by Dee Garretson
Grades 4 and up
Reviewed from copy received from author in giveaway.
All opinions here expressed are solely my own.
This is Stefan's big break. He's on location in the mountains far from home for his first movie role, filming a blockbuster sci-fi adventure. The props, the spaceships, and the trained wolves on set should add up to a dream job, but acting turns out to be much tougher than he ever imagined, and he feels like his inner loser is all that's showing through. From the way his famously stuck-up co-star, Raine, treats him, he's pretty sure she thinks so too. And worst of all, no one will believe his claim that there are wild wolves haunting the forest around the set. When a blizzard strikes, isolating the young co-stars and bringing hungry feral wolves into the open, Stefan must take on his biggest role yet--working together with his co-stars to survive. With no second takes, they only have one chance to get it right.
I'm not particularly fond of scary stories, especially not the horror genre, but I do love survival stories. I'm not sure why, because I also love my creature comforts, but for whatever reason, I do love survival stories. This particular survival story I enjoyed, especially because it's very different than others I've read.
First, the location, Slovakia is not one I've ever seen in a middle grade/young adult book, or in any book come to think of it. Garretson does a fabulous job of creating the setting. I could practically feel the cold. It made me want to curl up in bed with a nice cup of hot chocolate. At the same time, I felt a strong urge to explore the partially restored lodge that Stefan and his co-stars, Raine, and Jeremy are staying in. For a survival story to really work, at least in my opinion, the setting needs to be carefully depicted. Garretson does a great job of that.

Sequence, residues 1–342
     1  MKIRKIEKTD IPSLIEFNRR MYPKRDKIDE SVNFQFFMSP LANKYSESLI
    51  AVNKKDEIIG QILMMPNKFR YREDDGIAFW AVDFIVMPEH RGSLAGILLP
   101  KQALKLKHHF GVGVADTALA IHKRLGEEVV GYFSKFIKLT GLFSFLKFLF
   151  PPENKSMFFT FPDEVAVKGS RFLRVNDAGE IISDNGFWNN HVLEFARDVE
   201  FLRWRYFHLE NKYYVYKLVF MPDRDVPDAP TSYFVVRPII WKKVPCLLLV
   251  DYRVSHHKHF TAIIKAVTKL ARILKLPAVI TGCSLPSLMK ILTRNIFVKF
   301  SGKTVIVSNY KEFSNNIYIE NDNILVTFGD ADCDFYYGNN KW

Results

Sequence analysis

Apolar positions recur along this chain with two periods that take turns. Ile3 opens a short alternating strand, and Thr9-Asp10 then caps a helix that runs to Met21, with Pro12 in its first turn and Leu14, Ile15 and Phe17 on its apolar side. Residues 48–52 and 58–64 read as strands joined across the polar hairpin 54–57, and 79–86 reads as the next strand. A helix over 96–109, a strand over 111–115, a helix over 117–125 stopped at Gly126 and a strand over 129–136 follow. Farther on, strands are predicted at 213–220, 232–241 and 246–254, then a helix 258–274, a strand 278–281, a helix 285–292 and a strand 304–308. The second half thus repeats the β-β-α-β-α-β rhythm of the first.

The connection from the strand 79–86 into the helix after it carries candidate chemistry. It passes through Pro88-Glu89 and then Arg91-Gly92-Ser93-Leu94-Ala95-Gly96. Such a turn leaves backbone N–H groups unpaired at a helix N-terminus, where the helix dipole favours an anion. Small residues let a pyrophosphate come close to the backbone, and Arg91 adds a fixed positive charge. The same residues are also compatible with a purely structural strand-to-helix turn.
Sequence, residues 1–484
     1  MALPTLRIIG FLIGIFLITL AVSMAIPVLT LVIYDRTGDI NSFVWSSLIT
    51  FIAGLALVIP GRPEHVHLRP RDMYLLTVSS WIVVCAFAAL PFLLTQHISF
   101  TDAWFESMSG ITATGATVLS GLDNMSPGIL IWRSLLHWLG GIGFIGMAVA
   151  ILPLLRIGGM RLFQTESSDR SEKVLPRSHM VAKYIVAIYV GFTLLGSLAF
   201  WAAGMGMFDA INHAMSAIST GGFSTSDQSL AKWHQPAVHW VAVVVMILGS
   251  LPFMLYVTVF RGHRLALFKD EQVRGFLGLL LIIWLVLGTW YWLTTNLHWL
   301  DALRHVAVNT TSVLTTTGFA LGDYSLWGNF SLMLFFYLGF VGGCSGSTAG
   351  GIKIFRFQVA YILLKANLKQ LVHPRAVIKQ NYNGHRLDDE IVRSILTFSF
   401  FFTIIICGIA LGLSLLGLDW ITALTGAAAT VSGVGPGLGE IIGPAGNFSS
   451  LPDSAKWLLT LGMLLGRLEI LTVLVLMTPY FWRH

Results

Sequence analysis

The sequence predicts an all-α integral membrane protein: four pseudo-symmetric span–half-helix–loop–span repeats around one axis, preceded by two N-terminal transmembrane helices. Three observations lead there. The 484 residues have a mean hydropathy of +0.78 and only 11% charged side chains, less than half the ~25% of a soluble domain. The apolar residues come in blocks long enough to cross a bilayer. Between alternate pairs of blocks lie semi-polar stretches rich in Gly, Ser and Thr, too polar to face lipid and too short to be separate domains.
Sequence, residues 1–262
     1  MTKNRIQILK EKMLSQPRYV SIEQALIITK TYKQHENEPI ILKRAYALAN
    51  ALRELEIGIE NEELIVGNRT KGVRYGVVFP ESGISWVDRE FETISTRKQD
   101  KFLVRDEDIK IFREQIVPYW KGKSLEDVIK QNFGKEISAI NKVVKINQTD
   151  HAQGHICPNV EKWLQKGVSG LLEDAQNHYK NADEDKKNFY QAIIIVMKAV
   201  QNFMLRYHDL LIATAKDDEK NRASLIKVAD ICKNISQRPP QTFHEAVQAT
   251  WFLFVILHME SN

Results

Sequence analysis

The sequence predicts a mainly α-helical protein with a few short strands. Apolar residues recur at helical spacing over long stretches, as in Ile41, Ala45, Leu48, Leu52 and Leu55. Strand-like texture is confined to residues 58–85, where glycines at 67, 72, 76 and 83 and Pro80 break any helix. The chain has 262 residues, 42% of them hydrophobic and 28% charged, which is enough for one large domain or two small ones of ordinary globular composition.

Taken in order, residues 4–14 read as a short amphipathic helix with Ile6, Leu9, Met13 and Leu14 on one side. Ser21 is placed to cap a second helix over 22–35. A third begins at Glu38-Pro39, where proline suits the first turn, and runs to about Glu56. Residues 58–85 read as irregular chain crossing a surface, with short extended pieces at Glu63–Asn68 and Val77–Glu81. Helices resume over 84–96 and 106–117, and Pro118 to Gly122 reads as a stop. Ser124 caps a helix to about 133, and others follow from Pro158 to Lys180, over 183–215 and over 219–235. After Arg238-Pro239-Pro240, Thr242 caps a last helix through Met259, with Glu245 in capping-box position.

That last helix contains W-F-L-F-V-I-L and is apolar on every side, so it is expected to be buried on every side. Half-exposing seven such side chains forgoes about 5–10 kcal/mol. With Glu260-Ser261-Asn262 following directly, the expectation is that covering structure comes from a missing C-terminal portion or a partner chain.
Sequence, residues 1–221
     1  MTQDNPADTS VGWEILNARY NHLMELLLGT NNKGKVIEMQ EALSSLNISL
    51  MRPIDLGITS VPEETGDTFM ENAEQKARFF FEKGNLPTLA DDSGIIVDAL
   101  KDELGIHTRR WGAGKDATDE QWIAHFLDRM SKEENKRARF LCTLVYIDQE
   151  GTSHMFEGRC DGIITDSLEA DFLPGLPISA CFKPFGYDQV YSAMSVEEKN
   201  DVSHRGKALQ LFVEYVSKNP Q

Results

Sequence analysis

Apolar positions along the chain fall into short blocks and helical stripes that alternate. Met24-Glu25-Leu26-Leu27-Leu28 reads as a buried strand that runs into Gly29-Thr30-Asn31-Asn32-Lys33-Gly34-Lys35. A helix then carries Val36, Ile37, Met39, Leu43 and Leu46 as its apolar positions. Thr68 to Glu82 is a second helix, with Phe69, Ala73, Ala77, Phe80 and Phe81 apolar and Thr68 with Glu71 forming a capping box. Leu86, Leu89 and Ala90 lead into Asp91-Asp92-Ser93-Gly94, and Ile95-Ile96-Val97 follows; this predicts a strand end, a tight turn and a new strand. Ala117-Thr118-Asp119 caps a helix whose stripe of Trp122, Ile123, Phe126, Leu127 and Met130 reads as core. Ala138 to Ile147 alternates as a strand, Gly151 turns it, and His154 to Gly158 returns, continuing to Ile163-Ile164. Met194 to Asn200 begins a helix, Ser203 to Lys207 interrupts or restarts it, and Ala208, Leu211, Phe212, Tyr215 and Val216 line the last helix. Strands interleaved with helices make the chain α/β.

Second, characters, Stefan immediately becomes a sympathetic character as he struggles with his acting. Anyone whose made mistakes in front of any kind of audience can relate to Stefan's feelings of incompetence. And yet, Stefan, is desperate to succeed as an actor because his family desperately needs the money. Raine comes off at first as a spoiled star, yet as the book proceeds it's fun to see another, rather unexpected side of her. Let's just say, Stefan's frustrations with her are not surprising, if rather amusing (later in the book). At first, Raine just made me roll my eyes, but later I came to like her and she seemed much more down to earth. Jeremy is a nice addition to the story, as a bright and caring individual.
In order for a survival story to work, the plot needs to be believable however unlikely it might be. I found this particular plot quite believable. People underestimating the weather, unexpected events, how often do those things happen in real life. All too often unfortunately. The mishaps on the set I had no problem accepting as I'm sure this type of thing happens in the real world, especially when working with tamed(?) animals like wolves. I do have to say that I wondered how Stefan and the others would end up in a survival situation, when they had the lodge to stay in, with or without electricity, the building offered shelter. But the author takes care of that nicely. Overall, I found the plot moved along nicely and in quite a believable way.
While the story is certainly not the most intense I've ever read, I think it provides a nice combination of character development and action for those students who crave such, while not being too scary for students who dislike that sort of thing. I'd definitely recommend this book for those who enjoy adventure stories.